There are only two guarantees when a visiting politician or special guest makes a speech in Kilkenny. The first is that they will make a quip about hurling; the second is that while complimenting Kilkenny City, they will inadvertently refer to it as a ‘town’.
Sometimes, they will be pulled up on it, but more often then not, the room is just filled with the sound of a dozen passive-aggressive people hissing the word ‘city’ under their breath. People in Kilkenny take their city status seriously; even in straitened times when cynicism about politicians is de rigeur, we still like our mayor, our city, and most liked their borough council.
Last month’s final-ever meeting of Kilkenny Borough Council – bringing almost 800 years of history to a close – tugged at the heartstrings for some. It was an emotive occasion for a lot of the members, not least the outgoing Paul Cuddihy, who has served on the council or Corporation for an incredible 20 years.
With the local elections just last month, the changes still may be not more keenly felt for a few years yet. Kilkenny has gone from having 38 elected representatives to having just 24, and the ‘city Government’ is no more.
The reasoning for this overhaul of local Government was partly to do with reform (few arguments needed there), and the other was cost. The archictect is Minister Phil Hogan, who has been through one of the structures himself; he was a county councillor during nearly all of the 1980s, even being the Cathaoirleach.
At a Chamber of Commerce meeting before the local elections, Fianna Fail’s Peter ‘Chap’ Cleere spoke up told those present he had counted 11 empty shop units in Graignamanagh, and said there was a fear in some rural communities that money was not making it beyond the ring road.
This is the opposite of what the out-going borough councillors fear. They are worried that they will lose control over the monies raised in the city. Rates raised there are ringfenced to be spent in the city, on projects the borough councillors deem worthwhile.
“[The city is] coming up tops nationally in every metric that has been applied,” says former Mayor of Kilkenny David Fitzgerald.
“We are top in tidy towns, top in tourism, top in retail, top in a whole variety of metrics. These things are not happening by accident. The difficulty is in five or 10 years time when new projects and new challenges are being faced by the city.
“Will there be the political will and the resources available to the council at that stage to take on those new challenges? It’s not the case that people will notice an instant change – they won’t. It’s only in five or 10 years time that you’ll begin to say ‘why hasn’t money been spent on the city, like in the past?’ ‘Why isn’t there re-investment in the tourism product for example, in the city?”
Privately as well as publicly, many local Government members I have spoken to suspect that the system will not work, and further reforms to local Government will have to be implemented in the years to come, to undo some of what has been under taken.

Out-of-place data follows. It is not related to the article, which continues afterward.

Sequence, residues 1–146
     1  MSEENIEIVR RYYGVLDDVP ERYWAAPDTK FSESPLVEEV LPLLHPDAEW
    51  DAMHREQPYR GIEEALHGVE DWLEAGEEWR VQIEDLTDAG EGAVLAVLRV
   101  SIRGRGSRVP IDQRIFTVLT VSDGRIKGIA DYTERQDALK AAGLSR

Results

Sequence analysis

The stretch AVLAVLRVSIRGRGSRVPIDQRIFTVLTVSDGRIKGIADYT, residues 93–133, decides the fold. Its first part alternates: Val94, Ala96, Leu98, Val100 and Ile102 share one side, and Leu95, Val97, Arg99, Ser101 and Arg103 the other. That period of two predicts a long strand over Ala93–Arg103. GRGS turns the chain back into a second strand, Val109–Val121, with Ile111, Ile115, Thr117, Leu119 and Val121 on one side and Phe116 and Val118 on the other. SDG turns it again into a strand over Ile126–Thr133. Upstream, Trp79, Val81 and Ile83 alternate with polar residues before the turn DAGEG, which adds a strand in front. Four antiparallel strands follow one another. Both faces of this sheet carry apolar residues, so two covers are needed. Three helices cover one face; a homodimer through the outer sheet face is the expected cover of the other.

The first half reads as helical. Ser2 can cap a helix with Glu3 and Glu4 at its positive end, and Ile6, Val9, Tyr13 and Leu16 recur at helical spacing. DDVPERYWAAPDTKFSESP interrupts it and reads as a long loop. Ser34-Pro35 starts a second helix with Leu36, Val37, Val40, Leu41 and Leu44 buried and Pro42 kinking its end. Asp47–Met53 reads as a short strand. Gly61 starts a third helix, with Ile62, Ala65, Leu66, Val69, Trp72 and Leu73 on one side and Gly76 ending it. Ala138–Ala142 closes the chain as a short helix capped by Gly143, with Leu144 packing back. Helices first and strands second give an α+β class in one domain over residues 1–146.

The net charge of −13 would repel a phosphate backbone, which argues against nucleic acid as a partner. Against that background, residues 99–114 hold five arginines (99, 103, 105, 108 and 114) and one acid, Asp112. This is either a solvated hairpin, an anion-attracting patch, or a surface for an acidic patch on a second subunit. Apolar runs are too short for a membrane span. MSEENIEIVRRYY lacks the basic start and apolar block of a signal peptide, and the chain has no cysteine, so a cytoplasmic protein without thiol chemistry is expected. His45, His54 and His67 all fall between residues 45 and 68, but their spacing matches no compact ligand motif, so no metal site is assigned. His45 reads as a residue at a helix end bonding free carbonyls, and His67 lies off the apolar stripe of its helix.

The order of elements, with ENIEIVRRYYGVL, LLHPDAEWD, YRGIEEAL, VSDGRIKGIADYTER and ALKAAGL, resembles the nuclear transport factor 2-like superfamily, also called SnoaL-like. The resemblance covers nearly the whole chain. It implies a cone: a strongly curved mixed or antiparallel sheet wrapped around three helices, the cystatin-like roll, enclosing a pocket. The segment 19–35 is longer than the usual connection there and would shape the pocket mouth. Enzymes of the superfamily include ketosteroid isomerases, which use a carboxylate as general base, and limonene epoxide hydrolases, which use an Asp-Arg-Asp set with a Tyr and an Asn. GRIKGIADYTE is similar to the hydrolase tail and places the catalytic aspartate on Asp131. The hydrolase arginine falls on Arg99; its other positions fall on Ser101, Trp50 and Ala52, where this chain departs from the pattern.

“Subsuming the borough council, you are not saving finance by doing it,” says outgoing Fianna Fail councillor of 20 years John Coonan.
“All the management services on the borough are shared. So it’s not a cost. If I’m a member of the borough council and Kilkenny County Council, I only get paid for being a member of Kilkenny County Council. The only real expense, extra expense, is the mayor’s expenses. But in actual fact, the mayor is still going to be a mayor in the new structure as well.”
It has long since begun. As of last year, the borough’s planning function was combined with the county council’s planning function. Members of the public wishing to discuss a planning issue or examine a planning file that relates to the borough area have had to go to County Hall.
It means there hasn’t had to be too much moving around of staff. There are some executive services, managment branches that have to be moved from City Hall, to County Hall.
And elected representatives – be they borough or county – have to have a relationship with officials.
“It’s both a collaborative and adversarial [relationship] at times. At the end of the day, you won’t achieve anything unless you can work as a team, both the councillors and the management as a team together,” says David Fitzgerald.
“But you have to be prepared to stand your ground and fight your case, and I have on a number of occasions.
“If a councillor is doing the job properly, is a conduit for the public to feed into local government. And my big fear in terms of the abolition of town local Government – is that information channel from the public into the council will be lost. You won’t have the same connection between the citizen and the local Government system. That’s my big fear. That and the loss of control of income.”
The loss of income is the one that has most people worried, particularly business owners. The rates they raise in the city, they want to stay in the city – for investment here, not out in the further out rural areas.
“My real difficulty is when we had a borough council, a charter, city status – our focus was on the city’s needs like tourism, and Kilkenny City was the hub,” says John Coonan, who feels the city is an ‘economic driver’.
“ I’m worried that the economic driver will be weakened because of this.”